Macroscopy: Gross examination at necropsy revealed that thymuses, cervical lymph nodes and Peyer’s patches, were markedly reduced in size in the DEX-treated animals. No treatment-related effects were observed in the CsA-treated animals.

Organ weights: Spleen and thymus weights are depicted in table 2. No significant differences were observed in absolute and relative spleen weights between treatment groups. Thymus weight in male animals after CsA treatment was decreased compared to vehicle treated male animals, albeit not statistically significant. In females, CsA treatment resulted in a statistically significantly lower relative thymus weight compared to vehicle treated females. DEX-treated male and female animals showed a significant reduction in absolute and relative thymus weights compared to the vehicle control animals.


Group   Spleen (g) Thymus (g) Spleenrelative (g/kg BW) Thymus relative (g/kg BW)
Vehicle Mean 16.79 12.32 1.61 1.19
S.D. 2.25 4.21 0.24 0.42
CsA Mean 20.01 8.65 1.94 0.83
S.D. 3.19 2.03 0.27 0.14
DEX Mean 18.28 3.10** 1.96 0.33**
S.D. 3.23 1.00 0.40 0.08


Group   Spleen (g) Thymus (g) Spleenrelative (g/kg BW) Thymus relative (g/kg BW)
Vehicle Mean 20.14 19.18 1.82 1.73
S.D. 1.98 4.00 0.25 0.33
CsA Mean 18.15 14.13 1.58 1.24*
S.D. 3.16 1.20 0.19 0.16
DEX Mean 16.24 2.95** 1.78 0.33**
S.D. 4.43 1.00 0.47 0.11

Table 2: Absolute and relative organ weights on day of sacrifice (day 39 for males, day 40 for females). * Statistical analysis: P<0.05. ** Statistical analysis: P<0.01

Microscopy: The morphology of lymphoid organs in the vehicle control minipigs shows more interindividual variability than in other test animals like dogs and rodents. The cortexmedulla ratio in the thymus is generally rather low in the minipig. The spleen resembles the spleen of man with regards to an inconspicuous marginal zone and Periarteriolar Lymphoid Sheath (PALS). The ellipsoid structures in the spleen, mainly in the marginal zone, are characteristic for the pig. They are vessels with perivascular concentrically arranged macrophages. The lymph nodes are also different from dogs and rodents, with the follicles in the more central part of the lymph nodes, and the efferent vessels in the periphery. The mesenteric lymph nodes demonstrated extended areas with large cells, presumably macrophages, with foamy, slightly eosinophilic cytoplasm. The morphology of the Peyer’s patches does not differ from that of Peyer’s patches in other laboratory species. In the CsA treated minipigs no distinct effects were observed in the lymphoid organs and tissues that could be ascribed to the treatment with CsA. Microscopic evaluation of the DEX-exposed thymuses showed the well-known distinct reduction in the cortex-medulla ratio due to a severe reduction in the number of cortical thymocytes. In one exposed animal this reduction was to such an extent that thymus tissue could not be retrieved properly. In addition, the Peyer’s patches in most animals exhibited decreased cellularity in the interfollicular areas and small germinal centres in the mesenteric lymph nodes. The latter was observed in all DEX-treated males versus two out of four females.


There is growing interest in the use of minipigs as a non-rodent species for non-clinical safety evaluation of (bio) pharmaceuticals and chemicals [3-5,7,20-22]. Here we report a first effort to assess the feasibility of using minipigs as an alternative non-rodent species for studying immunotoxicity of pharmaceuticals. Various quantitative and qualitative (functional) immunotoxicity endpoints [1] were investigated using the immunosuppressive compounds, CsA (20 mg/ kg/day) and DEX (0.4 mg/kg/day). The doses of the test substances were chosen such that immune suppression was expected (based on pharmacological use in veterinary practice), such that there was only a small chance of losing animals due to the general side-effects of the test substances and such that indirect effects on the immune system due to stress were avoided.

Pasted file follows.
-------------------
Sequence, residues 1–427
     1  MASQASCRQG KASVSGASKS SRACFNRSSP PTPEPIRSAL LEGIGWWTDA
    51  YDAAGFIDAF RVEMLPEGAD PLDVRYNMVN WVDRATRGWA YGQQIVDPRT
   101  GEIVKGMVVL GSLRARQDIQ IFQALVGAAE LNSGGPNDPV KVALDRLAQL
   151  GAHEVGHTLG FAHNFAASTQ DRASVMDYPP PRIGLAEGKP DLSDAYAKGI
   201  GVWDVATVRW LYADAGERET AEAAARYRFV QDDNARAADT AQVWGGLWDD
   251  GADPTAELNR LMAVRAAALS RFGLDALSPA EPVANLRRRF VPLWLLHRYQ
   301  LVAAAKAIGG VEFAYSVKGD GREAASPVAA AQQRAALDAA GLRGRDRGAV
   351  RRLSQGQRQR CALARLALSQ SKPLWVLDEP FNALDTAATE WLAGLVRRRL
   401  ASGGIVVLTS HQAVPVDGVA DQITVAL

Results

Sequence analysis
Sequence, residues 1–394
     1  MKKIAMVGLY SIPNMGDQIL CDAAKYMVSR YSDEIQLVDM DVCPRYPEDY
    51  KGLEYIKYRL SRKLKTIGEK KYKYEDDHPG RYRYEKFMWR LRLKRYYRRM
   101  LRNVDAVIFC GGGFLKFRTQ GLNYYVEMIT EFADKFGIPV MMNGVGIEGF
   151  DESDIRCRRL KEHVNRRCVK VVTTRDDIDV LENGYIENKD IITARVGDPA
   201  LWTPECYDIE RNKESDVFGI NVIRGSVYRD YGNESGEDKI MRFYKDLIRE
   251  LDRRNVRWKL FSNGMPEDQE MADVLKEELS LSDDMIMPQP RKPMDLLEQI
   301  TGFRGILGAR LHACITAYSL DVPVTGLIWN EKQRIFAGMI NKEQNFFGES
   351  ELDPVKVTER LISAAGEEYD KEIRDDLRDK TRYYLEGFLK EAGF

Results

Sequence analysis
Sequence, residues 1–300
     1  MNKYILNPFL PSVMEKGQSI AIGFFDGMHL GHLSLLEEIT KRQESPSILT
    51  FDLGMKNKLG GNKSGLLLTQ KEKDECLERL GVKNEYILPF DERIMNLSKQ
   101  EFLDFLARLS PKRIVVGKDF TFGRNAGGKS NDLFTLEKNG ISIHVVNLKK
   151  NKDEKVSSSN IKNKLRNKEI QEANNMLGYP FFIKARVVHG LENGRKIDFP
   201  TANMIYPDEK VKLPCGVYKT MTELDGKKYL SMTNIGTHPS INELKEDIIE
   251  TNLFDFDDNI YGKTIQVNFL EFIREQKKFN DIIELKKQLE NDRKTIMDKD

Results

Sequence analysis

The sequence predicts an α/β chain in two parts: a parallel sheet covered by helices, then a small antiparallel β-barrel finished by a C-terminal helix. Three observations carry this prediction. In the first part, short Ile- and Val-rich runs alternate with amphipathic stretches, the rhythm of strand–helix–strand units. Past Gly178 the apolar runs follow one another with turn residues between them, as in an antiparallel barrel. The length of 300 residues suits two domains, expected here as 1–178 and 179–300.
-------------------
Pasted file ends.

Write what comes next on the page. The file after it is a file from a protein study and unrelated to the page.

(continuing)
The selection of the oral route of exposure in this study might be responsible for part of the inter-animal variation in all assays. It has been shown that by this route the systemic availability might vary substantially [23]. Possibly the use of direct gavage instead of mixture of test substances in the food, might slightly reduce the variability in dose exposure. Systemic exposure of CsA and DEX after oral administration is not confirmed in this study, but oral bioavailability has been shown for DEX [24] and for CsA [25] in humans and pigs respectively. The differences observed in CsA and DEX effects between the various species considered may not only be due to differences in dose and route of exposure, but may also be attributed to differences in the kinetics and metabolism of CsA and DEX in the different species compared. The differential analysis of blood leukocytes (hematology), the assessment of a TDAR using KLH as antigen, the DTH response against KLH, the NK cell activity, the ex vivo lymphocyte proliferation and histopathology of the lymphoid organs were successfully implemented in the minipig. Lymphocyte subset analysis in blood or lymphoid organs has, as a nonfunctional assay, a high predictive value for the immunotoxic potential of test compounds [26]. However, although lymphocyte subset analysis in PBMC was performed in this study, the data of various lymphocyte subsets were highly variable between the days analysed. As they were considered not to be completely reliable they are not presented in this manuscript. Further improvement of the selected test protocol is initiated. The data presented support that the minipig has potential to be used in immunotoxicity testing, but like studies with other nonrodent species more results will become more solid by increasing the number of minipigs per group.